BigPicture is now on ! Enjoy enterprise-grade Program & Portfolio Management, now fully integrated with monday.com boards and workspaces.  Try it now
December 06, 2023

The art of decision-making in management

Project Management Resource Management
Agnieszka Sienkiewicz

Should I allocate this resource to task A or task B? Is the initial schedule feasible? Which candidate is more suitable for the position?

As a manager, you make decisions all the time. And the greater the scope of your duties and the number of people you manage, the more effort you must put into choosing the most beneficial option. Or, as is the case in more dire scenarios, picking the least harmful ones.

But do you really know how to make the right choice? — the choice that would meet organizational goals and objectives?

This blog post will uncover the key steps you need to take in order to make an effective decision. You’ll also learn how BigPicture can aid you in the decision-making process.

Effective decision-making process steps for managers

Every day, an adult makes up to 35,000 decisions. This number is significantly higher when one supervises teams and other people’s work. But regardless of context, in the end, “every decision is a risk-taking judgment,” as per Peter Drucker — you take a risk and hope it will pay off by leading you to a successful outcome.

You can minimize that risk by following the sequential thought and action process to help you make more rational and informed decisions. Over time, you’ll likely improve the process we’re about to discuss or even develop your own. But having a basic framework to build on will help you hit the ground running.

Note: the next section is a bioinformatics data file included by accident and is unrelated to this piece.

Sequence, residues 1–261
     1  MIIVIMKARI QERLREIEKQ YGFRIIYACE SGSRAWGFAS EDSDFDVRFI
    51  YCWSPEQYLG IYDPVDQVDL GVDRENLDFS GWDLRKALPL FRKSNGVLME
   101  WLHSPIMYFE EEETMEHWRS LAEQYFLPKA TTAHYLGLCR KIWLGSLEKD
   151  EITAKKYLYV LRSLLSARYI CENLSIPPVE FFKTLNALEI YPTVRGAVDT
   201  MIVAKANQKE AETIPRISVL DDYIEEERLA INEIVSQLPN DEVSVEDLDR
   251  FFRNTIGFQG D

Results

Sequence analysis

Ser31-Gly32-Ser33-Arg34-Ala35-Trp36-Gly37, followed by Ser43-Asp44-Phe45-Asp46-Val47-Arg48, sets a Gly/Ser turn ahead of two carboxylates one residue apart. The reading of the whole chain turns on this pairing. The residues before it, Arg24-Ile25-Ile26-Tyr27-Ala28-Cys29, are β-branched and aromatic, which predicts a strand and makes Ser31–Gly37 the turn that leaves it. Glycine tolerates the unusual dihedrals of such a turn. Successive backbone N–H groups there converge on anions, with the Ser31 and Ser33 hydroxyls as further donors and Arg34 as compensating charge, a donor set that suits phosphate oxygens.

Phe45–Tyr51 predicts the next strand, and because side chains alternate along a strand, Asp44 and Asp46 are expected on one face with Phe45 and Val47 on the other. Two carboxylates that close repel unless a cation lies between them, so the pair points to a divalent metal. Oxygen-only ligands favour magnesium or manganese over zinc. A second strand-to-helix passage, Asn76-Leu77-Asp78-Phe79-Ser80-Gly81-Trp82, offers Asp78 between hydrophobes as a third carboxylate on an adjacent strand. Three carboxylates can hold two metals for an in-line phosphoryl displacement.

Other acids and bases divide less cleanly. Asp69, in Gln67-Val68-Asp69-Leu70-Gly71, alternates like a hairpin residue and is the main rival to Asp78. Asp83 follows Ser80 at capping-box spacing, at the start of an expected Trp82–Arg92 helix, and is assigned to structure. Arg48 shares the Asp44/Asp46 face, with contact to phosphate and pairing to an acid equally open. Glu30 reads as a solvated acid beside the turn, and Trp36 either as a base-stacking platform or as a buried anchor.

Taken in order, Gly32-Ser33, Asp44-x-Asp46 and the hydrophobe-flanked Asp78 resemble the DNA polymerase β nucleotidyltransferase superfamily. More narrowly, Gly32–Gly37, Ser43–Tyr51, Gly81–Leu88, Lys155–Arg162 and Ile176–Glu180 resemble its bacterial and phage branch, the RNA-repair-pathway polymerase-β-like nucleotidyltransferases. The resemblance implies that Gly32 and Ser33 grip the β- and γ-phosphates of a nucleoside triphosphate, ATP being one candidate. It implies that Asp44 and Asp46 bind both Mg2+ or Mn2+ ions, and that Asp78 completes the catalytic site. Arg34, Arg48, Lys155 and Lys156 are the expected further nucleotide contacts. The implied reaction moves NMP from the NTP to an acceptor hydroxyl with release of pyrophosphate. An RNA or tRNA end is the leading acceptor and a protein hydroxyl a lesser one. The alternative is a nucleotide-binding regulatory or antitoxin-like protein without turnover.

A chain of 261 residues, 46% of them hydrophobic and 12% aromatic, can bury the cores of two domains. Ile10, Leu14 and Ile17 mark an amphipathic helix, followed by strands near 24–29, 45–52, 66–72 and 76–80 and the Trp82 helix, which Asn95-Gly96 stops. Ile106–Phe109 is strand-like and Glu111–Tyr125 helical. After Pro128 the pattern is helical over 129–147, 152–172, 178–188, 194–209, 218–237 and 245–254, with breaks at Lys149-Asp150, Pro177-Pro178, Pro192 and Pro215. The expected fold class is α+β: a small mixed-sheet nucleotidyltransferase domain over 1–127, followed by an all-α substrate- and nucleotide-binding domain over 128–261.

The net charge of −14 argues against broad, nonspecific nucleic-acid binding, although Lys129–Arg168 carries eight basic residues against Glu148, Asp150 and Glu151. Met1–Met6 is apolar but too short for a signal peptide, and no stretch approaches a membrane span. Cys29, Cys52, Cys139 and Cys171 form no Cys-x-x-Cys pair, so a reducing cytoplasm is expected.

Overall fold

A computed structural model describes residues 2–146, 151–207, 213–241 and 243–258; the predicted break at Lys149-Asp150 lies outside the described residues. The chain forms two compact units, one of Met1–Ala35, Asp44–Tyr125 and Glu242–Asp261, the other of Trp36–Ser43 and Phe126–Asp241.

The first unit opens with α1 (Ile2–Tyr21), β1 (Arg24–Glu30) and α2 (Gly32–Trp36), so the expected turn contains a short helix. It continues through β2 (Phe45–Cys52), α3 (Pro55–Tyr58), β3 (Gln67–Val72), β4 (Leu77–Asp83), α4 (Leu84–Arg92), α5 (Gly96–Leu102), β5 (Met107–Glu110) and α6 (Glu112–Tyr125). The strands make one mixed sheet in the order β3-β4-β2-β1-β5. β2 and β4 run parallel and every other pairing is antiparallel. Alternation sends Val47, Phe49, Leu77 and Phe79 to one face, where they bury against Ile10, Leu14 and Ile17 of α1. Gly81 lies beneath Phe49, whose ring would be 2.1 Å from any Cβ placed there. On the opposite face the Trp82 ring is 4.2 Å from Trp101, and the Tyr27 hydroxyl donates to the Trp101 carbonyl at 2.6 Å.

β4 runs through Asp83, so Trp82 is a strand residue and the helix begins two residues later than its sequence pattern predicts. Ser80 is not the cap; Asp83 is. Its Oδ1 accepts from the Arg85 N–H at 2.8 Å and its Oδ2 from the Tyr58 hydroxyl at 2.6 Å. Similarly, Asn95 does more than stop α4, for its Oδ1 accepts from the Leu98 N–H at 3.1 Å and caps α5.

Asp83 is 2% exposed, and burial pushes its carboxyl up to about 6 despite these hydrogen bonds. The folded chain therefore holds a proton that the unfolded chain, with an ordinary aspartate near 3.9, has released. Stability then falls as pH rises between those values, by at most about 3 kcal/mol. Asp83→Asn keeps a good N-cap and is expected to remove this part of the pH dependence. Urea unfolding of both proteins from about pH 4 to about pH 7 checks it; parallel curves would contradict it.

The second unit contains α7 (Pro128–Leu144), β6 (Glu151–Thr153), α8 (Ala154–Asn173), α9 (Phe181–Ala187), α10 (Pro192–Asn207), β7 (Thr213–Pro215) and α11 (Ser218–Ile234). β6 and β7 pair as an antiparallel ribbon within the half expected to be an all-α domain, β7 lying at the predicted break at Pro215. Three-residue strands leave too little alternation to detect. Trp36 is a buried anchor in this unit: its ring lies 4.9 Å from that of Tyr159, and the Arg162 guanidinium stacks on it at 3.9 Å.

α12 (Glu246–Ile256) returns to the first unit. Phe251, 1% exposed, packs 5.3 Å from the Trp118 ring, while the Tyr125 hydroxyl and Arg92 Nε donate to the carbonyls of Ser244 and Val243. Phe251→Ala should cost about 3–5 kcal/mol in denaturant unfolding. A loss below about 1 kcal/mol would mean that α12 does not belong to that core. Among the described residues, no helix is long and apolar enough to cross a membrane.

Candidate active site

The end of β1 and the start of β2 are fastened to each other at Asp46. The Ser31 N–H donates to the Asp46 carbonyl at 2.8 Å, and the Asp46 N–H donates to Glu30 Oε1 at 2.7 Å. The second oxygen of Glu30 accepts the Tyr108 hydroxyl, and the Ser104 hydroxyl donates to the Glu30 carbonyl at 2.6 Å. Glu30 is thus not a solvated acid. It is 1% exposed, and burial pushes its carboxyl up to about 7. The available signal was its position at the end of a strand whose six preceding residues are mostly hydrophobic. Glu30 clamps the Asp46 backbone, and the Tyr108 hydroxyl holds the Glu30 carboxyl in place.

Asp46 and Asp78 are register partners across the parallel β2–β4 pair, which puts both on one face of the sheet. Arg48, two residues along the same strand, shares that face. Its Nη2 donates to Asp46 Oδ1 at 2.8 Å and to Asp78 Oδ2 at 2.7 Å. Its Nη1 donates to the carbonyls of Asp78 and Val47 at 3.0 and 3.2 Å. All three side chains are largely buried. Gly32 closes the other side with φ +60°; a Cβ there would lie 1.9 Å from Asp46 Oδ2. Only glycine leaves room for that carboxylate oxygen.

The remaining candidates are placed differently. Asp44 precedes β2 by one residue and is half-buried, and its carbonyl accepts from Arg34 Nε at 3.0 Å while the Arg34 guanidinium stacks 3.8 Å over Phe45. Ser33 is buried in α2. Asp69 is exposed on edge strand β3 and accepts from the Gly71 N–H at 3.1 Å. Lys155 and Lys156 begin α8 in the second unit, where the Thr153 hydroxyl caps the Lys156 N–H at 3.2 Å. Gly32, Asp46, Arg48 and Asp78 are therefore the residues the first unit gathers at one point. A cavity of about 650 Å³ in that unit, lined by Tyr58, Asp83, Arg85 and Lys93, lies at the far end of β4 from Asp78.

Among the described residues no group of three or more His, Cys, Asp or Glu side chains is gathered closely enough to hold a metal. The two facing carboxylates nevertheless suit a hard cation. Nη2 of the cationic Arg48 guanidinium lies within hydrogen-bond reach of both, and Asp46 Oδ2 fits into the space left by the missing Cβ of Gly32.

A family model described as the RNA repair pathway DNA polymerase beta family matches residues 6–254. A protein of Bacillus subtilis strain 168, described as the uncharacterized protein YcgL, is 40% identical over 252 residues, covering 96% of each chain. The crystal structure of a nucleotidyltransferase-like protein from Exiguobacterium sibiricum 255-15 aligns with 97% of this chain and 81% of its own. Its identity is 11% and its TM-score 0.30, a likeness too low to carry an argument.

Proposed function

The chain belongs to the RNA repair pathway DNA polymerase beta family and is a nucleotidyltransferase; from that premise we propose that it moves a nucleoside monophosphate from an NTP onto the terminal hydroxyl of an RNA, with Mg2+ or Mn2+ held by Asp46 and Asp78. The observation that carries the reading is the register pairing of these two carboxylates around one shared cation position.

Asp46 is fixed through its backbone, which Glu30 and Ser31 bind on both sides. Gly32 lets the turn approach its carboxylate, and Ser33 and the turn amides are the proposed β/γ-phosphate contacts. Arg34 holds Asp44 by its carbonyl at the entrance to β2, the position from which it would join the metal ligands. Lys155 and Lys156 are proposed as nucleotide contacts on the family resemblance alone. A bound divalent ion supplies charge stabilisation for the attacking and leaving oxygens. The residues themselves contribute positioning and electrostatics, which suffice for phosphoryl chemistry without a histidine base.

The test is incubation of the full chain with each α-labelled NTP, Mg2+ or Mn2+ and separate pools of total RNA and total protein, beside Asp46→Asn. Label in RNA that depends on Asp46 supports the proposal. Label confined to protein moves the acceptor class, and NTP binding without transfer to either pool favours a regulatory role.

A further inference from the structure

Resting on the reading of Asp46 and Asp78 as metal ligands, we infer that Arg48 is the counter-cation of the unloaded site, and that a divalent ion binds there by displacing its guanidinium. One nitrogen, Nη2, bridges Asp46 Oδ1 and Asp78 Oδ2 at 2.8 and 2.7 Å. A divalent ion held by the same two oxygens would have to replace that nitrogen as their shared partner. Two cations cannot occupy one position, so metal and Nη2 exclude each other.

The eight steps in the decision-making process.

#1. Establish objectives

When it comes to decision-making in management, you want to first clarify your organization’s objectives with respect to the decision you need to make. It means determining specific goals you need to meet within a specific period. This will help you align your decision with the direction your organization wants to follow. In other words, the goal you’ll achieve by making a decision later on should support the bigger goal set by your organization.

For example, one of the objectives your organization wants to tackle is high employee turnover. As a manager of several Agile teams, you want your decision to directly contribute to the increase in job satisfaction among your team members.

#2. Define the real problem

Einstein is quoted saying, “If I had an hour to solve a problem, I’d spend 55 minutes thinking about the problem and five minutes thinking about solutions.”

You realize you’re facing a managerial problem and must decide how to solve it. So first, you want to understand the problem or issue in detail. This way, you’ll know what your decision entails. If the issue is complex, break it down into smaller components, which you can analyze and solve individually.

For example, the main reason behind employee turnover is regular crunch time kicking in the second half of the project development lifecycle. You want to find out why such a situation happens in the first place.

#3. Gather information

The next step is information gathering. You need to know what information will help you decide and how to get it (and from whom). At this point, don’t limit yourself to internal resources like PPM software or your co-workers. Depending on the nature of your decision, you might also need to ask in relevant forums, check professional literature, or draft and analyze reports.

For example, having learned about the crunch time issue, you investigate why teams are overburdened close to the project deadline. 

You may use BigPicture’s Reports module to get insights into various Agile metrics and project data, including team velocity and plan delays. Those reports can also help you improve Agile planning and create more realistic schedules. On the other hand, the Resources module will show you exactly who and when is under-or-overallocated and what tasks are causing that.